If you love your job and think you couldn't live without it- can you do similar work part tie somewhere else with CA as top up?
If you really have to and want to work fullt ime then your caree must pay (or be funded) for some professional care help to ease your burden or you will explode. I would put your own health central to your decision and work around that.
Thanks for the feedback everyone. Work today told me that I will get no support at all, they are going to remove my existing agreement and I'm not allowed any other.

So we've agreed I'm leaving at the end of next month. :( they've said it's not due to the quality of my work.

Time to get some legal advice, as they've dismissed the flexible working request without adhering to the proper legal procedure ie provide a clear reason against it with the options stated.
Hi Sarah, I would contact ACAS. They have been helpful to me in the past. http://m.acas.org.uk/index.aspx?articleid=4663

Also check out the carers uk information; http://www.carersuk.org/help-and-advice/work-and-career


That is awful. I too would recommend contacting Acas and also possibly this organisation, http://www.employersforcarers.org/resources/the-law. How long have you worked for the company? Over two years and you have rights. Under two years it is not so simple.

For what it's worth, I too work full-time and care for my mum. My company allows me to work from home as and when I need to and take time off for mum's hospital appointments. Many companies do more than my own.

I know when you are caring, it is difficult to summon up the energy to fight but I do believe you have the law on your side. One word of advice, make sure you get all your company's comments in writing. If they refuse, email them a record of the conversations so that you have "proof".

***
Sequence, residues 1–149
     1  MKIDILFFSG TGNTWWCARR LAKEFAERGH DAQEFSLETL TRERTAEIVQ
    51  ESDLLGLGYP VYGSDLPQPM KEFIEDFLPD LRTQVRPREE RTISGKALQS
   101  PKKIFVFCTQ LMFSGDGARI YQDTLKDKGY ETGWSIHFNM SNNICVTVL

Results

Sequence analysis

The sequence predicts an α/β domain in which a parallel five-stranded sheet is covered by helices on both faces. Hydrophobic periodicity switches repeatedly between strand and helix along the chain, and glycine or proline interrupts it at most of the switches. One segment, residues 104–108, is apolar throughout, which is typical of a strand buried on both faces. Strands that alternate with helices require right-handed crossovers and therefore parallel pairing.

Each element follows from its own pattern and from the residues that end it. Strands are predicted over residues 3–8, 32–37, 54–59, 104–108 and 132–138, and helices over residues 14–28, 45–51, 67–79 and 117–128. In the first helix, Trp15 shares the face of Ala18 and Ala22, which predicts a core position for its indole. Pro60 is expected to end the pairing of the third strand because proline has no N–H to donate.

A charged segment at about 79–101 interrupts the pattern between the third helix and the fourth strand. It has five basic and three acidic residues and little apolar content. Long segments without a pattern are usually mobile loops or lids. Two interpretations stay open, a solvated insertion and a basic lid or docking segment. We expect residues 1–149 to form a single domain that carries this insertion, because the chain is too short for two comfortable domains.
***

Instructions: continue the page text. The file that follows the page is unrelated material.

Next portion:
Good luck, Anne
Thanks everyone, I'm trying to find some legal advice but not sure how to find a good solicitor.
Hi Sarah,
Don't worry about employing a lawyer just yet (might be possible to get it funded by some legal expenses insurance on your car insurance or house insurance though - they funded £10,000 of legal help for me a while ago).
Just ring ACAS. As part of my degree I studied employment law. When I contacted ACAS for information, they gave me everything I needed to know, and I got very high marks, all free of charge! What your employers are trying to do is unlawful, as you are covered by what used to be called the Disability Discrimination Act, which requires them to make "reasonable adjustments". It could also be decided by an employment tribunal that it amounts to "constructive dismissal", roughly translated into making things so difficult you have no alternative to leave. I'm sure that if you take advice from ACAS and then go back to your employers mentioning the words "tribunal" and "constructive dismissal" they will think again, or you might be able to claim thousands of pounds compensation.
Carers UK helpline is also wonderful, in your circumstances I would suggest ringing both.
This is awful treatment by your employer, I agree with the comments you have a strong case
so I wish you all the best.
I too am a full-time working carer and know only too well how difficult it is.